PAT Saunders plied his trade as an entrepreneur with quick wit, humour and the dulcet tones of a true radio voice.
A larger than life character who loved the western plains of NSW, Mr Saunders worked as a farmer, radio presenter, salesman and tourism and promotions officer.
The loving father, grandfather, husband and friend died at Narromine on February 26 at age 84.
A private cremation has already been held and a large crowd is expected to attend a memorial service at Narromine Aero Club from 2pm on Monday, March 9.
Paterson James Saunders (affectionately known as PJ) was born at Inverell on May 18, 1930. His family returned to Sydney and lived at Darling Point.
Mr Saunders was educated at Scots College where he excelled at cricket and rugby.
He entered the textile weaving business after leaving school and combined business with sport, playing for I Zingari - one of Australia's oldest cricket clubs, based at Camden Park.
That was where he met his first wife, Pamela. They married in 1958 and moved to Mudgee where Mr Saunders started his farming life growing tomatoes for Fountain tomato sauce.
Sons Kirkland (Kai) and Christopher (Kiff) were born in 1961 and 1962.
"Our parents separated in the mid 1960s and dad moved to Dunedoo where he continued farming," Kiff Saunders said.
"He married June Harris, had two daughters, Brook and Holly, and returned to Mudgee.
"He was still farming and got into radio when his great mate Ron Camplin purchased 2MG.
"Dad divorced again and relocated to Narromine, living in Dandaloo Street before moving to Ross and Sarah Sheppard's property 'Baroona' in 1979.
"He lived there for a long time and took on entrepreneurial work in radio, promotions, tourism and all the other things PJ did.
"He was the 'sheep man' for Dubbo radio station 2DU and did a lot of promotion work for the Riverdale and Orana Mall shopping centres.
"He moved into Narromine and built a home called The Olive Grove on the Macquarie River.
"He reconnected with Del Poulton and married her. Del died in 2013."
Kiff Saunders described his father as a friend's friend and larrikin, an ideas man who was always busy connecting with people.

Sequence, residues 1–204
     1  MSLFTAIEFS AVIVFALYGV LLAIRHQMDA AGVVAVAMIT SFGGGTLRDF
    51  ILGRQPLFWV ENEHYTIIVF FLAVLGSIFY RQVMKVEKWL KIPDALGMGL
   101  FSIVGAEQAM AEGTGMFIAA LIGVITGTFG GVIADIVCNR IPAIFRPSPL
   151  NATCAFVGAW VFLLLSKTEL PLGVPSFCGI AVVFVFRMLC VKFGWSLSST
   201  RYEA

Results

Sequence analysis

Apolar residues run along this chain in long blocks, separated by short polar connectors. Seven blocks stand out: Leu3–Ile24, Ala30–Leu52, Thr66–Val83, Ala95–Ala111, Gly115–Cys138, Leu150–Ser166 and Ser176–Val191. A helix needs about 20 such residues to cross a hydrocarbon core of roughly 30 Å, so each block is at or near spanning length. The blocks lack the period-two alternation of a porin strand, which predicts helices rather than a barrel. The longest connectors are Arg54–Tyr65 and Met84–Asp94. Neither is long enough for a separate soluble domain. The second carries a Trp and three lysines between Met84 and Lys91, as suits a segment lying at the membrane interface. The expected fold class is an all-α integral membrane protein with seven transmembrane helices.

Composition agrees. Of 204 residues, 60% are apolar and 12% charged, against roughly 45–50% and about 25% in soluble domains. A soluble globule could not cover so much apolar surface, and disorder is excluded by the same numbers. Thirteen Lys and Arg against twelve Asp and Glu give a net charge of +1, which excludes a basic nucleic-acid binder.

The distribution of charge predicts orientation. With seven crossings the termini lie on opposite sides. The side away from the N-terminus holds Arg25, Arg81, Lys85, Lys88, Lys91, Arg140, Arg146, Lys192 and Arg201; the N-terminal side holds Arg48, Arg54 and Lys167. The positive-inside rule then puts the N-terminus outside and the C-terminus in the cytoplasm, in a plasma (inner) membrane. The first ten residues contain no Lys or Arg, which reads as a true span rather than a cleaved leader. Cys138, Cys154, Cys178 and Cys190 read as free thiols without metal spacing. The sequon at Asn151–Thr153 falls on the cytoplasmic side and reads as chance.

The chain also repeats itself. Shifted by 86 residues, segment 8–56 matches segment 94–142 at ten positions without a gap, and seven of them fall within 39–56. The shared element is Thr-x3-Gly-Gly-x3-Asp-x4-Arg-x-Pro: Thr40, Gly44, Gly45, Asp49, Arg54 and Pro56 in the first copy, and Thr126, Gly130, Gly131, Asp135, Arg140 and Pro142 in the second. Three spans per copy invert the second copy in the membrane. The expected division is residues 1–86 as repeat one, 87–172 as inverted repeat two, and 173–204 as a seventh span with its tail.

"Dad's eloquence and dulcet voice were affected by a stroke several years ago.
"Not being able to express himself quickly and clearly was hard but Dad still had a good friendship base and people around him.
"I saw him in hospital the week before he died and he still had that cheeky grin. He was very comfortable about who he was and didn't aspire to be anything else. He liked to bring happiness to others - that was his charm really.
"He got up every day and made the most of it. For a guy who grew up in the city he came to the country and found his place.
"He was a man of the west and didn't want to be anywhere else."
Bathurst-based radio identity Ron Camplin said Mr Saunders had been his dearest friend for nearly 60 years.
"PJ was very, very special and we always had a lot of fun together," Mr Camplin said.
"As a young man he was like a prince, the best looking youngster I had ever known in my life.
"He was a great charmer and got into a lot of mischief, especially with beautiful ladies.
"Loved by everyone, he was the most affable, friendly, fun man. A lot of people will miss him."
Mr Camplin recalled the day Mr Saunders walked into 2MG Mudgee with plans to record news segments for the radio station during a trip to America.
"Pat had a tape recorder and wanted me to buy him some cassettes. The stuff he sent through for our news reports was very good.
"He later came up with an idea that evolved into a very successful Farmer of the Year radio promotion.
"We changed the whole concept of 2MG and called it Farm Radio. Pat would get off his tractor and come into the station every day to do a farm report from 1-2pm.
"It became very popular, even with townspeople, because Pat was so good on air.
"He was a true entrepreneur who would think of something and take it right through to conclusion."
Philanthropic businessman and former owner of the Daily Liberal newspaper and Macquarie Publications publishing group, John Armati, said Mr Saunders was vigorous in his promotion of Dubbo and the western plains.
"He was involved in a number of special publications with the Daily Liberal and was very good at coming up with ideas," Mr Armati said.
"Pat was a fun-loving guy who also had a serious side. He had great enthusiasm for the bush and was very effective in exploiting the benefits of living in Dubbo."